Use this URL to cite or link to this record in EThOS: http://ethos.bl.uk/OrderDetails.do?uin=uk.bl.ethos.531588
Title: Jews in Yemen in 17th-19th century according to Hebrew sources with comparison with Arabi Yamani sources
Author: Abd El Aal, Nour El Hoda Hasan
Awarding Body: University of St Andrews
Current Institution: University of St Andrews
Date of Award: 1970
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Abstract:
This period of the history of the Jews in the Yemen was selected for study on account· of the richness of the material which is available. The sources used in this research for the study of the political, economic and social situation of the Jews in the Yemen may be divided into the following groups: 1. The MSS. A - Hebrew MSS. B Arabic MSS. The printed sources A - Hebrew printed B - Arabic printed sources c - European printed sources Trave1lers A - Contemporary travellers B - Modern travellers In addition to the Hebrew and Arabic sources we have a series of eye-witness reports from travellers who visited the Yemen during the last three centuries, and whose observations have had remarkable and enduring results. The information obtained from these sources is plentiful and of great interest and importance for the history of the Yemen in general and supplies us with personal observations on the people, both Arabs and Jews. Such journevs increased the volume of knowledge and broadened its horizons owing to the opportunities taken for study and investigation. Although these sources have been mentioned in both the footnotes and the bibliography, it would be worth mentioning them here to estimate their relative informative value. One of the most essential Hebrew sources on which we have relied most in this dissertation is Korot Ha-Zman, written by Habshush. All we can learn about Habshush must be gleaned from his own writings. He was primarily a coppersmith by profession and it was only in his later years that he took up writing. In the Spring of 1893, Habshush was occupied in writing his Hebrew account of the history of the Jews'in the Yemen. The Autumn of the same year he spent writing his account about his journey with Halevy.1 His decision to write his own works was perhaps partly due to the influence of the European travellers who spread culture among the Jews in the Yemen in the nineteenth century. But his method of writing and his bitter complaints against the treatment of Ha1evy.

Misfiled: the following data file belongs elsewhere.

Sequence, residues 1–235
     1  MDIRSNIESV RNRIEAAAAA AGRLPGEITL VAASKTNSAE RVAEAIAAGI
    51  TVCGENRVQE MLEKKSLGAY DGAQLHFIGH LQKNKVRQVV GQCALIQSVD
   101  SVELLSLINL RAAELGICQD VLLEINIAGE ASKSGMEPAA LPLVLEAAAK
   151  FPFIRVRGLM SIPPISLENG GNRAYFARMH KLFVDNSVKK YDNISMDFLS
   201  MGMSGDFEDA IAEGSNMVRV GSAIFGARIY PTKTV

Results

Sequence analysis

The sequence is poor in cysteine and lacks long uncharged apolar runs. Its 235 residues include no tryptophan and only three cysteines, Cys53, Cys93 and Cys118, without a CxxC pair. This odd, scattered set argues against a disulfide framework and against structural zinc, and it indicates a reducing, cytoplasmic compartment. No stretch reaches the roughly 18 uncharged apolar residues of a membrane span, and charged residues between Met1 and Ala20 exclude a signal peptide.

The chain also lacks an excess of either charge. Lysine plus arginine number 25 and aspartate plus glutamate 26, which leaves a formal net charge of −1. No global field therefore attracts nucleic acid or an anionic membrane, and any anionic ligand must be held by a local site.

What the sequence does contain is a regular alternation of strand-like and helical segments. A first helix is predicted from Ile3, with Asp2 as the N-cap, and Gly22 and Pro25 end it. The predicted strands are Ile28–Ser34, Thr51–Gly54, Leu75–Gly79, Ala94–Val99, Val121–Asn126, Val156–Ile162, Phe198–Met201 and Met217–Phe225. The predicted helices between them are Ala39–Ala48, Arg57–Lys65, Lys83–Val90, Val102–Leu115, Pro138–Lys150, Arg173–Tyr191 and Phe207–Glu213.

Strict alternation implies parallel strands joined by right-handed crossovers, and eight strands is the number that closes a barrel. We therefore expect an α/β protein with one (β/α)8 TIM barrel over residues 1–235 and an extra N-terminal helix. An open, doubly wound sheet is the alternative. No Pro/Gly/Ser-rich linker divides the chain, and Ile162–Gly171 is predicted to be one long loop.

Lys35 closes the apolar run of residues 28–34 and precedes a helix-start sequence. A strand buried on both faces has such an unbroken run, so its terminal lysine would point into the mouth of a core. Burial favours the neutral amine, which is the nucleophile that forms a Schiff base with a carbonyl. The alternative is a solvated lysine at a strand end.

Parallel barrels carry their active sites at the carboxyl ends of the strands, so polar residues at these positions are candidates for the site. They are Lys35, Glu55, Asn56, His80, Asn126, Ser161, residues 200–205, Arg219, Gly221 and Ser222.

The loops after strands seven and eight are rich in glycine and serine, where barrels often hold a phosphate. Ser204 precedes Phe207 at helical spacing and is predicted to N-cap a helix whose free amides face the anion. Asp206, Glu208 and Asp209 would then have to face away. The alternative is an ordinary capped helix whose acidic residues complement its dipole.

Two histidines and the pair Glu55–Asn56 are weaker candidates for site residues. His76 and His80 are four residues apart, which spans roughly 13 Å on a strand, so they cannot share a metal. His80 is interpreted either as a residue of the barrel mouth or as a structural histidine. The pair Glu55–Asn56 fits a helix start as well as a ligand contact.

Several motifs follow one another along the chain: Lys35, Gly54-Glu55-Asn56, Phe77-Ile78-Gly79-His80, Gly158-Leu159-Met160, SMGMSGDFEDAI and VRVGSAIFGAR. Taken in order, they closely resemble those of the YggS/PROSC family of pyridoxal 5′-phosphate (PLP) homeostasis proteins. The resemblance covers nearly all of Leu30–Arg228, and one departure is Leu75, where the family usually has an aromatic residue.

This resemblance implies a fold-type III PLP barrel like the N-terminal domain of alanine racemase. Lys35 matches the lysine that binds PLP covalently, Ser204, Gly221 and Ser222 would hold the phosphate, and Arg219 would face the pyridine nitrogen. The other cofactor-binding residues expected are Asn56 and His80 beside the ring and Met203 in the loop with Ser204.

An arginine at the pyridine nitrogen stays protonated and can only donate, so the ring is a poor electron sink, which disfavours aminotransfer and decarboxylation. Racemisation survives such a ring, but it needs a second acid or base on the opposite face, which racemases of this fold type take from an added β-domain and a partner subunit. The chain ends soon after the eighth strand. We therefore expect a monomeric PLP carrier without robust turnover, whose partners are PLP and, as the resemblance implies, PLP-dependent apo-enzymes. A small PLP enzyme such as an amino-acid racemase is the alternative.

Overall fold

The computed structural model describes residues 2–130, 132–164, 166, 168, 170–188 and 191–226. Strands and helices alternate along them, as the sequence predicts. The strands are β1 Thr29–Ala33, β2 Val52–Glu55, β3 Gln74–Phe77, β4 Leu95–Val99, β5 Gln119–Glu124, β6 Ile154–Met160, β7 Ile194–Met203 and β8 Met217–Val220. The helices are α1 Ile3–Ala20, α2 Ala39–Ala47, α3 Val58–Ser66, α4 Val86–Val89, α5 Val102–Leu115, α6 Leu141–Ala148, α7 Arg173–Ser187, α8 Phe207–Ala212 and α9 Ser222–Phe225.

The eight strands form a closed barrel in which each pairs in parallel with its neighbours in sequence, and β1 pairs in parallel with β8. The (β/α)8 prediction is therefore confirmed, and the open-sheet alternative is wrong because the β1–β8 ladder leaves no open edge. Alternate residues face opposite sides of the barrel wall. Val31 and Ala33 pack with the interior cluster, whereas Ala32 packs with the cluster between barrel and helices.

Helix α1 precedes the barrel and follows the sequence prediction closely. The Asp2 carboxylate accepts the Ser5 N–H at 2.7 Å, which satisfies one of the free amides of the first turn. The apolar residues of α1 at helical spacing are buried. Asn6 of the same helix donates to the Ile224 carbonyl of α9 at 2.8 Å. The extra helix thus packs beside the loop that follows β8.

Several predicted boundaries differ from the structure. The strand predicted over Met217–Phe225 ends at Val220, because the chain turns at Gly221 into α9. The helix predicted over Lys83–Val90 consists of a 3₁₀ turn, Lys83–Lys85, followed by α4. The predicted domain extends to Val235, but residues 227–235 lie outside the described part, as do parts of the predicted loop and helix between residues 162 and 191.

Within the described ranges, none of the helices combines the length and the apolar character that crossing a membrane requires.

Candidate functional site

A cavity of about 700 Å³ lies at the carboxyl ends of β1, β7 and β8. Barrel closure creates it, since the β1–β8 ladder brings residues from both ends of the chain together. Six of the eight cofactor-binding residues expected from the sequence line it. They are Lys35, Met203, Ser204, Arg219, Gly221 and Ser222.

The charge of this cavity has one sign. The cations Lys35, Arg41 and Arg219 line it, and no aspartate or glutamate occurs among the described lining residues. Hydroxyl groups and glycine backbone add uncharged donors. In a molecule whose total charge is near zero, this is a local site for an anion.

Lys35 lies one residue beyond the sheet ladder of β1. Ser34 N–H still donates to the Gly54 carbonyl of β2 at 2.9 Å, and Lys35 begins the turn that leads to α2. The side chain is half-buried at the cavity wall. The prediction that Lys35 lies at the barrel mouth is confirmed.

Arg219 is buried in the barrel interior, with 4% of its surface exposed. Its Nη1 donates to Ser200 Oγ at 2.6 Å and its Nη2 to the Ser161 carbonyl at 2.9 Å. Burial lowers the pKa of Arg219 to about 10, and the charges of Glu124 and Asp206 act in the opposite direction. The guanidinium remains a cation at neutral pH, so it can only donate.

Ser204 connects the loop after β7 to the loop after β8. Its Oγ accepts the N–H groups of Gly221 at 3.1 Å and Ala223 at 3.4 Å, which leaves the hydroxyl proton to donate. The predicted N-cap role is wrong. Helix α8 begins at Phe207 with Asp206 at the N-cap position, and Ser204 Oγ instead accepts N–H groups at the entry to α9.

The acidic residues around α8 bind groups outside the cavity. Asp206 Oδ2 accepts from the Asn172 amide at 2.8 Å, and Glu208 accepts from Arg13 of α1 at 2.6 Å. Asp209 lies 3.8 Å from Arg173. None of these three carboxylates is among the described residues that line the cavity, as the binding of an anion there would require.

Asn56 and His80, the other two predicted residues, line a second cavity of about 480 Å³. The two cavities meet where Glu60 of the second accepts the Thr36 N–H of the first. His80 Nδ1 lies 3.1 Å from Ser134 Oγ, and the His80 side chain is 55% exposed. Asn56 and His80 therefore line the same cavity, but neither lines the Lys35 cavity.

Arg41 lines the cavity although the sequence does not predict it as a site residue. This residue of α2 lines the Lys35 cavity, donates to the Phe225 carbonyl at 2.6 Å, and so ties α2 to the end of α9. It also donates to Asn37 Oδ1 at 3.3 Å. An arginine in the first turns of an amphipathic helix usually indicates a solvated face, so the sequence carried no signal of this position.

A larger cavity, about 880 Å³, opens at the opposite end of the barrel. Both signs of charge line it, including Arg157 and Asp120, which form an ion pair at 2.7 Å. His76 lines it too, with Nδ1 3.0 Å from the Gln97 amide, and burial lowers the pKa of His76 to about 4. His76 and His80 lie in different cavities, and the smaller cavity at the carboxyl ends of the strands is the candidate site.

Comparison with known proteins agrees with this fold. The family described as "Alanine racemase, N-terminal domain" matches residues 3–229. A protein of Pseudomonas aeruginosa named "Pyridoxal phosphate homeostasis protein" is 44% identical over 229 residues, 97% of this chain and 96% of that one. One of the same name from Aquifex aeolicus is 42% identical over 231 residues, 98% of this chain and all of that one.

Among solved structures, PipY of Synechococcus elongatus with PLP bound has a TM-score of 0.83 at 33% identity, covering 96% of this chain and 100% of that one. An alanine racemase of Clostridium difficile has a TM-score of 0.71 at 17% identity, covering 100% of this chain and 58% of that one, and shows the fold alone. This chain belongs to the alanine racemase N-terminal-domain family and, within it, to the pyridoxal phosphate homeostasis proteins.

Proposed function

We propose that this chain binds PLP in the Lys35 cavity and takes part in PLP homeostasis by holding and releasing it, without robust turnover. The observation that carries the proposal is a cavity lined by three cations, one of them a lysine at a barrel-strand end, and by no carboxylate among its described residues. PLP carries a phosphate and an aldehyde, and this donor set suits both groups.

Supervisor: Burton, John Sponsor: Not available
Qualification Name: Thesis (Ph.D.) Qualification Level: Doctoral
EThOS ID: uk.bl.ethos.531588  DOI: Not available
Keywords: DS135.A5A3 ; Jews--Arab countries ; Jews--Persecutions--Arab countries ; Jews--Arab countries--Migrations ; Jews--Arab countries--History ; Yemen
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